Photo by Carla Waters

Watseka aldermen and law enforcement talked about problems they see arising at the old Sleepy’s Auto dealership.

City and law enforcement officials continue to work on cleaning up the area of a closed auto dealership in Watseka.

At Tuesday’s code enforcement meeting, aldermen and law enforcement officials talked about the problems being encountered at the old Sleepy’s Auto Sales property.

Alderman Mark Garfied distributed photos to aldermen he said were taken at the property. He said code enforcement officer Bill Stanley, who could not be at the Tuesday meeting, had asked him to bring up the matter.

“These were taken 10 to 12 days ago,” he said. “As you can see, the first picture is diapers in the back of a truck. The second picture is a vehicle with most of its windows busted out. The third picture is various vehicles. The fourth picture is where they piled tires behind one of the buildings. The fifth picture is more of the vehicles. The last picture is a van next to one of his buildings that is currently being used by people sleeping in it.

“He’s reached out to the federal EPA. They said worse case scenario is they could come in and clean it up and it would be on our dime,” Garfield said, noting that the state EPA and state health department both basically said it is a local problem. He said the local health department said they could clean it up and the city could put a lien on the property.

“The problem is this property has so much contaminant. I’m sure the ground is contaminated with oil, gas and other chemicals. We could run into some serious money on it,” he said.

Alderman Dave Mayotte, who was filling in as building inspector for a time, went to condemn the building in July, Garfield said. “At that time he (Mayotte) talked with the owner who told us basically he would see us in court and slammed the door in his face.”

Garfield said Stanely has been fining the owner. He said Stanley would like to have permission from the council to contact Rep. Tom Bennett to see if there is anything he can do to help the situation.

“There’s obviously more stuff since then down there,” Garfield said, noting that especially on hot days, the property smells of urine.”

Alderwoman Monna Ulfers asked, “How come Sleepy doesn’t have to be accountable when if that was your business you would have to be accountable? Why can’t we make him do something because he knows what he’s doing is not right. Everybody is upset about it. Why can’t we treat him like we treat everybody else?”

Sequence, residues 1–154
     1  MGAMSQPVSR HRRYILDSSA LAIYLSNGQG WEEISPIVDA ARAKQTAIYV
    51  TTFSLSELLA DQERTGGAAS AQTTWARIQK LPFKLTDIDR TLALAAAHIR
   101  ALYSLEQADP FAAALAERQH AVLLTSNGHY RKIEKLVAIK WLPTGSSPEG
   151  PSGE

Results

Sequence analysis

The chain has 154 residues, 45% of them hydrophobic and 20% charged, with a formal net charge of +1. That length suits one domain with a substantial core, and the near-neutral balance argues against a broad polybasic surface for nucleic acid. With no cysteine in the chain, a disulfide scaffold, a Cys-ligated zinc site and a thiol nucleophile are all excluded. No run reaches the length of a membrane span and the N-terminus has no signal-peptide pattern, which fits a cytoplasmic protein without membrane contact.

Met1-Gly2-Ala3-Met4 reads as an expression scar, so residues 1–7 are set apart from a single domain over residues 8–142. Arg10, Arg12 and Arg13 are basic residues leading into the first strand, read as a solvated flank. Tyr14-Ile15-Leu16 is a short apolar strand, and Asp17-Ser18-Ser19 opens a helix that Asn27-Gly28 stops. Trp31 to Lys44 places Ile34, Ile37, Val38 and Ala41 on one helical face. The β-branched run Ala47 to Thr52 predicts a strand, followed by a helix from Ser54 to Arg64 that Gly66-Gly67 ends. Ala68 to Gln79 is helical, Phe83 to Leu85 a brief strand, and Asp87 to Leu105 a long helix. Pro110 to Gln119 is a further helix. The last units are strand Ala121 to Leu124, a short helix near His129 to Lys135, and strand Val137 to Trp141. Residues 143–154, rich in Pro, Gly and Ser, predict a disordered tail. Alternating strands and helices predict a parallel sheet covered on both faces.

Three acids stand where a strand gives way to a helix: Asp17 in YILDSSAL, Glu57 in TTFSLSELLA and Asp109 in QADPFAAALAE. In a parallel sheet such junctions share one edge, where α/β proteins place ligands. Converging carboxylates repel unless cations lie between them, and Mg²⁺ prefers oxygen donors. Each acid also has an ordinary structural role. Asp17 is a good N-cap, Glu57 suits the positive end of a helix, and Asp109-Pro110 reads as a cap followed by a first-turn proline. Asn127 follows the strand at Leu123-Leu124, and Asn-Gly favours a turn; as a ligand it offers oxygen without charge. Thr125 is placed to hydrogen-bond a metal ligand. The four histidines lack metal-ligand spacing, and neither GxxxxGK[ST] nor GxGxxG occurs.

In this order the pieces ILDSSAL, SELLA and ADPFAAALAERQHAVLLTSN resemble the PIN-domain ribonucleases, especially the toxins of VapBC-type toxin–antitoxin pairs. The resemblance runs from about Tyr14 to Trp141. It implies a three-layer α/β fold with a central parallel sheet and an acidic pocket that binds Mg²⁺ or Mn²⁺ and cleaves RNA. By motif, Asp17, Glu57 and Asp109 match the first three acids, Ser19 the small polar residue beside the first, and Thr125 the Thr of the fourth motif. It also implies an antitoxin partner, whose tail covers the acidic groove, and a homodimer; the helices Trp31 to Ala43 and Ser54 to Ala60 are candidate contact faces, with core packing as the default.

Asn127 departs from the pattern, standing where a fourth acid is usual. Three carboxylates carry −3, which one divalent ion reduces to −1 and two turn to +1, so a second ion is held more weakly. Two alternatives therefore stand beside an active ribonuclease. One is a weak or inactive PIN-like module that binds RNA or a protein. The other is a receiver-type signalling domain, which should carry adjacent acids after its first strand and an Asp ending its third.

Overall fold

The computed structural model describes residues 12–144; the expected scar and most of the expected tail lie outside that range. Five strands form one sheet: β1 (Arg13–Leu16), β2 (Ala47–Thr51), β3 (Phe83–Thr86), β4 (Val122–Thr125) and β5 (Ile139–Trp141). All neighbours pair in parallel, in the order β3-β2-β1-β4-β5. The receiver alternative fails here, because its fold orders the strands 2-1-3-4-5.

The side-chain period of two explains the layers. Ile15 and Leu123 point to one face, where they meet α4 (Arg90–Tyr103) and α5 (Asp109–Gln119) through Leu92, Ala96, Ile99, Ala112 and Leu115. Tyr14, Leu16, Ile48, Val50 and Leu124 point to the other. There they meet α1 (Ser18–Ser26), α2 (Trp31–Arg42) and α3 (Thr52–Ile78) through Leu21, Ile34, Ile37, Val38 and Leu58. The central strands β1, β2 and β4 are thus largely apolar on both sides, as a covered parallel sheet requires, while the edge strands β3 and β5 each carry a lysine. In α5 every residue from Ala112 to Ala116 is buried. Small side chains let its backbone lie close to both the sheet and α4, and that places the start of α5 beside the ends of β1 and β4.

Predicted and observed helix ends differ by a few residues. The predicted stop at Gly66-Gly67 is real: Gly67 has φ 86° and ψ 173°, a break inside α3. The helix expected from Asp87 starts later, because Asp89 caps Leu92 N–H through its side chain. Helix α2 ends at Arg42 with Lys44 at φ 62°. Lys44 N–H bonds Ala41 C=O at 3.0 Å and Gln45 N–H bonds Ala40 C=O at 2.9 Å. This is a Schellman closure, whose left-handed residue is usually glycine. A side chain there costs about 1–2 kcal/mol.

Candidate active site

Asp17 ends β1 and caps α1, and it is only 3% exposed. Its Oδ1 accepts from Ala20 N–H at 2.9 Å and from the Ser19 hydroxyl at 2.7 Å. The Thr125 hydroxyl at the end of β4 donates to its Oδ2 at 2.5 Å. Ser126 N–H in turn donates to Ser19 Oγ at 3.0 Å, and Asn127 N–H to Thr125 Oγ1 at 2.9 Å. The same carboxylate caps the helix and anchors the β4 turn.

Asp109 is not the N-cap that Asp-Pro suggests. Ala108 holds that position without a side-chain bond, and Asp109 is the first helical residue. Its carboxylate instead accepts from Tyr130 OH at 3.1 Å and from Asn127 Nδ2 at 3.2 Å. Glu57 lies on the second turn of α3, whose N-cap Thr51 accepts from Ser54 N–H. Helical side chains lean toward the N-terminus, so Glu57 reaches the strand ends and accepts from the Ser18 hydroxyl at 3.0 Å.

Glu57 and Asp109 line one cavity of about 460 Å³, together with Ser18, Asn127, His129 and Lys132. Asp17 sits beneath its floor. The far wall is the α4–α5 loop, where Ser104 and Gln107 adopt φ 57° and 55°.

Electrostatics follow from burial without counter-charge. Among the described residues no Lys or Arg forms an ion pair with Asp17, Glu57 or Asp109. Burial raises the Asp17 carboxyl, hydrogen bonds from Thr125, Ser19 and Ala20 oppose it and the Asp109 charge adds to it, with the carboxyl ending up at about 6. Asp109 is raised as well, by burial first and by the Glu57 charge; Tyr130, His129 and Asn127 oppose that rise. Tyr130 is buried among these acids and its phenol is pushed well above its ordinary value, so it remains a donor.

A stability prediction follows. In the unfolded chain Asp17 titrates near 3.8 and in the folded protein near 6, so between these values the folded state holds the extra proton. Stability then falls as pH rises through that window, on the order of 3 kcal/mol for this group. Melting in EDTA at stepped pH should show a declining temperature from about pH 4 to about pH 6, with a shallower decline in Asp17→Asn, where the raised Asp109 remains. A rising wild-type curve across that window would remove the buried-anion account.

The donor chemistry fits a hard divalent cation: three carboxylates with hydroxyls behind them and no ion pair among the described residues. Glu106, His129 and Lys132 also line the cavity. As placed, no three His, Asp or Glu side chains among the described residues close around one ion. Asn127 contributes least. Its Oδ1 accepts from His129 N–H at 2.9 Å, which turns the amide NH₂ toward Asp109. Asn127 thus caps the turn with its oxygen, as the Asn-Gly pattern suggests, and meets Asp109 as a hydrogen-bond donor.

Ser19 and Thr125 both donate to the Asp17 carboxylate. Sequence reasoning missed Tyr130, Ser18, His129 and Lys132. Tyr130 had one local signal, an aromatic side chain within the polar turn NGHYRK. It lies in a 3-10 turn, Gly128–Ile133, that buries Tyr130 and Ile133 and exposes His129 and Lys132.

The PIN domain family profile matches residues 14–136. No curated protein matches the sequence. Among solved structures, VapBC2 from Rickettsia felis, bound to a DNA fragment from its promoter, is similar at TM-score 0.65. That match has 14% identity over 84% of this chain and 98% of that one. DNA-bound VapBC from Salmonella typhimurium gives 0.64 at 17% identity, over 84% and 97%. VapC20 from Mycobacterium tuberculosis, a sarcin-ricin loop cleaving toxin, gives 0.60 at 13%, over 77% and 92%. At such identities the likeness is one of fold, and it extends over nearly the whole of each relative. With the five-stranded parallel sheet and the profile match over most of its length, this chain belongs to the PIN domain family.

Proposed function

Garfield said that would be a question for the city attorney. “We are already fining him,” he said. “The state has shut him down so he’s not selling any more cars. From what we’ve seen so far, he’s going to be the person who we’re going to be in court over.”

Police Chief Jeremy Douglas agreed. “You’re right. We keep getting calls about people sleeping there.”

Ulfers said when she drove by Tuesday evening there were people getting in and out of the back seats of cars.

Douglas said police have had numerous calls about people sleeping in the vehicles. There are times when one drives by in the mornings, he said, and people have opened the trunks of vehicles and are getting dressed, using the trunks as a closet of sorts.

As soon as they get one problem stopped, he said, other problems occur, noting that there are also people parking on the vacant property next door and living. Some have air mattresses and other items set up. He said people will say they have permission to be on the property from the owners, but that isn’t true. He said, too, that people are not only living in the vehicles, but also on the ground in between the cars.

Aldermen asked if the cars could be moved to alleviate the problem. Douglas said it isn’t that simple.

That would take making sure the city has a place to put the cars and keep them safe and would also take having a hearing officer to preside over a hearing on the matter. He said the current impound area is not big enough to house all the vehicles.

“I know all of you are as frustrated as we are on this,” he said, noting that the police and city are trying to work with the individuals within the law.

“I think this is just going to take time. This is one person who is going to fight the system,” he said.

Alderman Benny Marcier said half the vehicles are in parts.

“We could easily fine him $1,000 a day and he isn’t going to pay it,” Garfield said.

“I don’t know why he doesn’t just junk those cars and get rid of them,” Douglas said, noting that he has seen that people have been using the service area of the property to work on vehicles.

Garfield said there is no good solution. “I would like to give Bill permission to reach out to some of our state representatives to see if they can help and continue to resolve the problem through any legal means,” he said.

Douglas was instructed to talk with city attorney Joe Cainkar. All agreed to continue working on as many ways to alleviate the problem as can be done.